Copyright ©2017 Guacamoley. All rights reserved.
The White House Misspelled ‘Opioid,’ And Twitter Can’t Stop Laughing

President Donald Trump held a briefing on the nation's deadly opioid epidemic, which has sent much of Middle America to its knees.

Joined by Thomas Price, his Health and Human Services Secretary, Trump proposed the following solution to curbing the epidemic once and for all.

“The best way to prevent drug addiction and overdose," he offered, "is to prevent people from abusing drugs in the first place… So if we can keep them from going on and maybe by talking to youth and telling them: No good, really bad for you in every way. But if they don’t start, it will never be a problem.”

Health experts criticized the president's statements as shallow and simplistic. Many others noted that he appeared to have forgotten about former First Lady Nancy Reagan, who lent her voice to the fight against drug and alcohol abuse with the “Just Say No” campaign during the 1980s, and that he had also forgotten about the "Just Say No" clubs and anti-drug organizations, in which young children and teens made pacts not to experiment with drugs, that also became fixtures.

Then Kelly Cohen, a Justice reporter with The Washington Examiner, noticed something else: That the Trump administration, despite leading a briefing on the opioid epidemic, had misspelled the word "opioid" in its press release.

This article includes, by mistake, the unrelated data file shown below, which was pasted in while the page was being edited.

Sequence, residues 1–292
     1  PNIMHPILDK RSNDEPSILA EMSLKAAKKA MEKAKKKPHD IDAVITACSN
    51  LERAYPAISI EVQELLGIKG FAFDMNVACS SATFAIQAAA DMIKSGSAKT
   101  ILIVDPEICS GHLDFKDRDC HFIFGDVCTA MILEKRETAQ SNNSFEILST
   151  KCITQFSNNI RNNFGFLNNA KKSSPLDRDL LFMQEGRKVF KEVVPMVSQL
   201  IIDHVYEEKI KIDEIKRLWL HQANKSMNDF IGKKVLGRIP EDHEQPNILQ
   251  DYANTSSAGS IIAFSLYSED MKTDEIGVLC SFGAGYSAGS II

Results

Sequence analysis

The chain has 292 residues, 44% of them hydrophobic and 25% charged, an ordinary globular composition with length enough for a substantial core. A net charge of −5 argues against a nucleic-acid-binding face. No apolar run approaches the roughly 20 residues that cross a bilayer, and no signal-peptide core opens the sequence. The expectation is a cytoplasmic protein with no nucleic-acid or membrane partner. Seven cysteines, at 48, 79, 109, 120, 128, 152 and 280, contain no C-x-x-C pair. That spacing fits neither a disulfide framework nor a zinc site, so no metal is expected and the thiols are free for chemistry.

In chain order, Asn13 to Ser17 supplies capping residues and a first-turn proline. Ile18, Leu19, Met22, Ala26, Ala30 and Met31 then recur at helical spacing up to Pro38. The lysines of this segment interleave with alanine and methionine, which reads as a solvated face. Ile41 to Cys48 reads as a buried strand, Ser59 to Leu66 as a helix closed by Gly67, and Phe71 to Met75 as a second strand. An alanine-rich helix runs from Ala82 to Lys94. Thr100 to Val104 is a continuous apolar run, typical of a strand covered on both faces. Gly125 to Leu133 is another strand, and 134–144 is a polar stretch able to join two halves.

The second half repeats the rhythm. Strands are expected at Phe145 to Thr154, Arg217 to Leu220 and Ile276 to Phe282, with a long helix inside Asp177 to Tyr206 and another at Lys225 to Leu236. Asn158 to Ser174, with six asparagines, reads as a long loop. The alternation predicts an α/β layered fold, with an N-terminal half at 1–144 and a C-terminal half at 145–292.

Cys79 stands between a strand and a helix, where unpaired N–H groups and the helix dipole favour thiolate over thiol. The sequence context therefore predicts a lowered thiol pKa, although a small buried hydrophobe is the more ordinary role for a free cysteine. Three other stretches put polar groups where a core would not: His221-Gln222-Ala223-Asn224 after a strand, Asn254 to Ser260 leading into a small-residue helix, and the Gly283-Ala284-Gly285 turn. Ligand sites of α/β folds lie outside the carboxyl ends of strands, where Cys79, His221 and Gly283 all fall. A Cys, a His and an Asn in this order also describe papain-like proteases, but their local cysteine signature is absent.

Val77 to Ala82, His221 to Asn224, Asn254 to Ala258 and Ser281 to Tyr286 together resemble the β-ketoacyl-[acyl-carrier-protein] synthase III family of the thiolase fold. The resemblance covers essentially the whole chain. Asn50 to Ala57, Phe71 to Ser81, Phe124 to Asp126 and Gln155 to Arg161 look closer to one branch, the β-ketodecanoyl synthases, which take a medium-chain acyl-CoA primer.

Twitter users immediately rolled their eyes.

This is not the first time the Trump administration has issued press releases rife with misspellings.

In January, the White House misspelled British Prime Minister Theresa May's first name, leaving out the letter "h." The White House corrected the error, but not before news outlets noted that the misspelling was the name of Teresa May, a former adult film actress.

In May, the White House released a statement saying one of the president's goals during his trip to Israel was to "promote the possibility of lasting peach" in the region.

Perhaps most notoriously, on May 31, Trump tweeted, "Despite the constant negative press covfefe," a seemingly incomplete message which appeared to be a botched attempt at typing the word "coverage." Nevertheless, it spawned one of the internet's most whimsical memes.

There is a culture of carelessness in the White House––and it's embarrassing. 

H/T: CNN, Business Insider